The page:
Buried Alive

On January 11 this year, dissident Chinese writer Yu Jie (余杰) arrived in the United States with his wife and family for a self-imposed exile. At a press conference in Washington DC on January 18, Yu said he had been seriously beaten in 2010, the year he released his book China’s Best Actor: Wen Jiabao (《中国影帝温家宝》), which was highly critical of Chinese Premier Wen Jiabao (温家宝) and China’s government. At the press conference, Yu described how plainclothes security police had stripped him naked and subjected him to abuse. Yu said the men threatened him by saying: “If the order comes from above, we can dig a pit to bury you alive in half an hour, and no one on earth would know.”

In the weeks that followed Yu Jie’s press conference in the United States, his words were shared inside China through social media platforms such as Sina Weibo, and a new online catchphrase was born: “buried alive.”

For many social media users, the term has now become synonymous with courage of conviction — and with the unfortunate consequences such conviction can bring in a society that does not tolerate dissent. The term can also refer to acts of courage and dissent in speech.

Chinese novelist Ah Ding (阿丁), who resides overseas, wrote on Sina Weibo on January 19, the day after Yu’s Washington press conference”Happy New Year! May you make the bury alive list!”

On February 1, the official Weibo of Caijing magazine reported a Xinhua News Agency story about Premier Wen Jiabao encouraging the people to criticize the government. One user responded: “Of course after everyone’s voiced their criticism they will all be buried alive.”

4 Comments to “Buried Alive”

  1. Frankie Fook-lun Leung says:

    Can somebody at the China Media project translate into English the essays written by Dr. Joesph Lian on Chinese mainland scholars in Hong Kong published in the Hong Kong Economic Journal and have them circulated. They are excellent and should be read by every scholar or journalism student in Hong Kong, no matter they come from Mainland China, foreign countries or locally bred. I learned a lot from Dr. Lian.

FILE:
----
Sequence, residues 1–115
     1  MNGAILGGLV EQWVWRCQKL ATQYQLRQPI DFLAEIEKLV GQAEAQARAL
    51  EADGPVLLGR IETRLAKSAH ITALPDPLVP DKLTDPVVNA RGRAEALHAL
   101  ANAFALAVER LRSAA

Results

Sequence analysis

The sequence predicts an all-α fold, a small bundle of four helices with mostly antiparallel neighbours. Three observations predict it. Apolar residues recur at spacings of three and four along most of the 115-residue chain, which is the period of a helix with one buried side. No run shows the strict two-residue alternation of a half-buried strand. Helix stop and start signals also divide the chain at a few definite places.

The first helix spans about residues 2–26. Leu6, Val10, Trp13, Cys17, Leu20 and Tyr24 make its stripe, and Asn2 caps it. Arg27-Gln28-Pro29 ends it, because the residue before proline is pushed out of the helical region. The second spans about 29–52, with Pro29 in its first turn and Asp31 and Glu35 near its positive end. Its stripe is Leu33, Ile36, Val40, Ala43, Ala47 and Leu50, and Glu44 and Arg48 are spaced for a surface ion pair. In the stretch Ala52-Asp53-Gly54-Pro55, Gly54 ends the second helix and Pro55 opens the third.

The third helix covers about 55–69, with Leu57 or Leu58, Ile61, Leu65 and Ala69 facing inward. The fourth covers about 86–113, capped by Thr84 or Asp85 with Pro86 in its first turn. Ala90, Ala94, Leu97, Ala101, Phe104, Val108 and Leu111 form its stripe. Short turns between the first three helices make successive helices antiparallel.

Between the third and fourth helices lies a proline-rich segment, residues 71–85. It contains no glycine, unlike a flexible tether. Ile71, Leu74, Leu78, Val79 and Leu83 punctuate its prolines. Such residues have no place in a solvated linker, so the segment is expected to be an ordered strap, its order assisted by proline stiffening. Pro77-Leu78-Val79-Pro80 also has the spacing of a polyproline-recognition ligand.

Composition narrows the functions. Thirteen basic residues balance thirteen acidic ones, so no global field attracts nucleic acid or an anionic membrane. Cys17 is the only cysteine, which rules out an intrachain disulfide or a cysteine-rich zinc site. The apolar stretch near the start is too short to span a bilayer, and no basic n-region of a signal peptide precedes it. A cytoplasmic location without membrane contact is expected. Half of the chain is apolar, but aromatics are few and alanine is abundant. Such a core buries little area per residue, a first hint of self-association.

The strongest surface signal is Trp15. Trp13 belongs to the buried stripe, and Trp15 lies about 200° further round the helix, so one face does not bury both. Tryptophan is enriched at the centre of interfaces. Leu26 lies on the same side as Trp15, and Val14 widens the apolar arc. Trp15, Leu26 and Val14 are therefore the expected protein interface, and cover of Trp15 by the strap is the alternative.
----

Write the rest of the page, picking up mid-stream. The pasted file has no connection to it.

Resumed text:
2. Frankie Fook-lun Leung says:

    Yu Jie’s books could only be sold in Hong Kong and outside China. The longer he stays away from China, the less marketable he will become. His knowledge about china will correspondingly reduce and hence his writing will lose readers. That’s the plight of dissidents from China encounter. In fact, the Chinese government is very keen to see them leave China, the more and the sooner the better.

  3. Frankie Fook-lun Leung says:

    With the growing importance of the Internet and the social media, there is an explosive population of bloggers and readers of blogs and other forms of alternative media. The print and official media has become marginalized. Access to information is no longer restricted. This is a new phenomenon the Chinese authority has to learn how to cope with. In Beijing, among the educated class, I was surprised that more people knew about what happened to Liu Xiao Bo than I. Some of them may toll the party line to utter some irrelevant statements. The gist of the matter is that Liu Xiao Bo is not unknown.

  4. Frankie Fook-lun Leung says:

    In China, there are a lot of taboo subjects. People will use euphemism. Those who live beyond the age 60 remember the 1950s and 60s, when the Hundred Flowers Blossomed, Mao encouraged the intellectuals to criticize the party and the government. Then came the purge, those who spoken out were punished harshly. This is within a lot of Chinese’s living memory. So when the government say you can criticize the party and the government, are you kidding me? Do you trust the government? Will they not come back to haunt you? Think twice, my fellow intellectuals.

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